Monday, January 31, 2011


When I first started exploring different ways to approach domestic adoption everything seemed to fall into two groups. Agency adoption v. private/independent adoption. Now I am realizing there are three types of adoptions and you can try multiple routes at a time.

First, there are full-service agency adoptions. This would be the Catholic Charities or Bethany Christian Services routes. What sets these agencies apart is that they serve individuals on all aspects of the adoption situation. The women who are facing unintended pregnancies and don't know what to do about it. Some of those women figure out ways to parent their child, while others make an adoption plan and end up with a status as a birthmother. They also work with potential adoptive families and do the home study and help facilitate the match between birth parent and adoptive parent. The full-service agency has a fee for the home study, but it is considered part of the placement fee and not a separate cost. And the services provided to birthmothers are taken out of the placement fee, so that the placement fee feels more like an indirect payment for the services provided to the birthmother.

Then there are agencies that just do home studies or just do placements. If you go this route, you have to to work with individuals from multiple organizations to first get home study approved and then get your profile in front of birthmothers to get matched. The placement agencies often don't do home studies and may be in a different state than where you live. They may even be in a different state than where the birthmother lives. I heard of a story of a birthmother traveling to another state to give birth so they could work with a particular placement agency and fall under a certain state's laws. The placement agency may provide some services to a birthmother, but for the most part the birthmother has already decided to make an adoption plan before contacting the agency. And they don't provide the same level of medical/legal services that the full-service agencies provide. These differences have implications for the fees. Since the home study agency and placement agency are different, the fees are separate. And since fewer medical/legal services are paid for out of the placement fee, it is less clear what the placement fee is actually going to (except to someone's wallet).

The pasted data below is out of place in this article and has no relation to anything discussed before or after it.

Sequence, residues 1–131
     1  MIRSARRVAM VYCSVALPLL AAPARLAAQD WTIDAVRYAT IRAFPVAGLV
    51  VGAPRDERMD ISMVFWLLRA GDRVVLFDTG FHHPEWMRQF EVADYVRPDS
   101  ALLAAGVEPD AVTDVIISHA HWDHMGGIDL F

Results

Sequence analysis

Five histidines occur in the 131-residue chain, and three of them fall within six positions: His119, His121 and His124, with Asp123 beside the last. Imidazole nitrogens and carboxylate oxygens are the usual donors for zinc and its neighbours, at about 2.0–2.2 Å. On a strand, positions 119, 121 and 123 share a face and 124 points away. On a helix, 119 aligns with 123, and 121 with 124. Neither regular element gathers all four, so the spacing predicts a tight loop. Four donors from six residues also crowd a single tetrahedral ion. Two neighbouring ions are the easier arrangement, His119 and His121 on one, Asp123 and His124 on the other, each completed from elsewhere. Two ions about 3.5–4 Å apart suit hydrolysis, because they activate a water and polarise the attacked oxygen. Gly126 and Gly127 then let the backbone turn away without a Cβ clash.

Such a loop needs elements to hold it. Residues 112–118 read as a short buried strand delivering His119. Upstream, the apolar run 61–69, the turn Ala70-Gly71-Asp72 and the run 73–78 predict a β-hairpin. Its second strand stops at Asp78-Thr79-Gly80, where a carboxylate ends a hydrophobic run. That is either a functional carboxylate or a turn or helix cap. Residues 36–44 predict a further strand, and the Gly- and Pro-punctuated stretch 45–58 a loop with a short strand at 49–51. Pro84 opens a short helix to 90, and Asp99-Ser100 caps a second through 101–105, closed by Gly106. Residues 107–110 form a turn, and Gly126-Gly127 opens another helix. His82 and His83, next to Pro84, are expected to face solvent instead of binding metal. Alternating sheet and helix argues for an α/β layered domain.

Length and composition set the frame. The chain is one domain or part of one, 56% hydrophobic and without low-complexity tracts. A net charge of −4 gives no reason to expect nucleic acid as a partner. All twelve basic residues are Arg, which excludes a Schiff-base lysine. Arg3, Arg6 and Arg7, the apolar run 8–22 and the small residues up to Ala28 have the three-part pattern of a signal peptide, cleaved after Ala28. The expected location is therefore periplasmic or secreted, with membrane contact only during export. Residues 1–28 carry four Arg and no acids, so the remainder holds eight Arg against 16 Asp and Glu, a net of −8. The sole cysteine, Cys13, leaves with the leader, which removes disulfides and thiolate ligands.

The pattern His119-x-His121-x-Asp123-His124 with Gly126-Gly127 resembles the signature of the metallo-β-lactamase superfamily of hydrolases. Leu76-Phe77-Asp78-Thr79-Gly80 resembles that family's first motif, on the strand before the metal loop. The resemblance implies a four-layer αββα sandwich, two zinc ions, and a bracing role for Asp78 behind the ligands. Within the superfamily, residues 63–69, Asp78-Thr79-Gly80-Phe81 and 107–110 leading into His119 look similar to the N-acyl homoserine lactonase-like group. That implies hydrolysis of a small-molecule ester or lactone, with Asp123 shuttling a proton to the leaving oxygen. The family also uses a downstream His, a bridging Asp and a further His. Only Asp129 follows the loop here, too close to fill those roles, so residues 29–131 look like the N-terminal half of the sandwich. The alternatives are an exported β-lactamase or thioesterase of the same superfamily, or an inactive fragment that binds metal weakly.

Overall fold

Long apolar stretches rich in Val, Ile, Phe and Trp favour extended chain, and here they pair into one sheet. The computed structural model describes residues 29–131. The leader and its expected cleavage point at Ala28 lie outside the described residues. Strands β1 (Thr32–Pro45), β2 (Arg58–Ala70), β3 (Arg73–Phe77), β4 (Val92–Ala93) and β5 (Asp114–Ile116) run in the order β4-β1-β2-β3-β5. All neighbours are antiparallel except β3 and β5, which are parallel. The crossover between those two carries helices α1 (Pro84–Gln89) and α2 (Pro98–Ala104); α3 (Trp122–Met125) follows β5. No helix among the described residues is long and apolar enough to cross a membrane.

And then there is the completely independent route, which for a planner like me seems not to be the best way to approach this. You still have to pay a home study fee from a home study agency, and then do your own networking to find a placement. I think the placement costs and birthmother costs can vary tremendously.

As we figure out what we want to do, I am also realizing that we don't have to pick a single strategy. We can do all of the above (but then of course pay all of the above costs). I am drawn to the full-service agency approach. It seems more secure for all involved. It also feels less like we are buying a baby, but just funding services provided to us or the birthmother. But I also don't want to put all my eggs in one basket. The placement agencies have much shorter average wait times than full-service agencies. Ideally I think I would want to start with a full-service agency and then supplement with our own networking to find a private placement and see what happens.